Part of the solution to filling these jobs must come from recruiting 18- to 24-year-olds, said Young. The challenge facing the industry is how to make these technical jobs, which are rarely viewed as “sexy,” more attractive to the Millennial Generation. Young recommended creating a talent pipeline by developing relationships with local schools and creating ways to engage students to make the jobs more enticing.

Safer foods and the food safety culture

Typically, food companies with a culture of caring consistently deliver safe products that meet consumers’ needs. Providing best practices on promoting food safety, two speakers from Abbott Nutrition gave the presentation, “Attaining top levels of quality and sanitary design.”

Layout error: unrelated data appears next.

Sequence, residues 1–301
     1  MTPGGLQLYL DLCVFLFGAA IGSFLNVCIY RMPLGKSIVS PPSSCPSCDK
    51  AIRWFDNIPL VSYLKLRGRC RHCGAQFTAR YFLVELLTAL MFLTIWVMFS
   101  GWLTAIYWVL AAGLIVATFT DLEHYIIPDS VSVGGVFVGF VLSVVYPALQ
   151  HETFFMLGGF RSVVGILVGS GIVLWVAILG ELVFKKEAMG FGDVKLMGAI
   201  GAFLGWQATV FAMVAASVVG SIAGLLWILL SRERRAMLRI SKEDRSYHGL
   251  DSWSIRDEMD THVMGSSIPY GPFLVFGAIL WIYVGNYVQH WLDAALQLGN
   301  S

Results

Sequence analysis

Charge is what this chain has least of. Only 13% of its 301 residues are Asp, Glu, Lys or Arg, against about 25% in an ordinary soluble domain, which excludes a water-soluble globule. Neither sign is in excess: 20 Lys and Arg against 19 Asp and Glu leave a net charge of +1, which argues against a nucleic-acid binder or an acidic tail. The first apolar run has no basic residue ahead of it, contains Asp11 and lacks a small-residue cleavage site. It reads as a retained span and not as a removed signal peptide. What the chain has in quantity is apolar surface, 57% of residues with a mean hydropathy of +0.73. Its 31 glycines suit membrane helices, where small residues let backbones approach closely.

Wendy Fox, manager of microbiological services for Abbott, discussed having an environmental monitoring plan to prevent and/or control microbial contamination. An environmental monitoring plan helps map out where organisms are and identify how they enter a facility. Fox stated that by dividing a plant into zones, the required amount of microbial testing can be determined based on the activities in them, i.e., the lowest amount in locker rooms and offices and the highest amount in areas where product is handled without another kill step.

Peter Hahn, technical consultant for Abbott, discussed the benefits of clean-in-place sanitation. Because CIP combines the physical and chemical cleaning of equipment, the process can reduce cleaning time and optimize water, chemical and energy usage. It also minimizes cross-contamination and helps control allergens in a plant.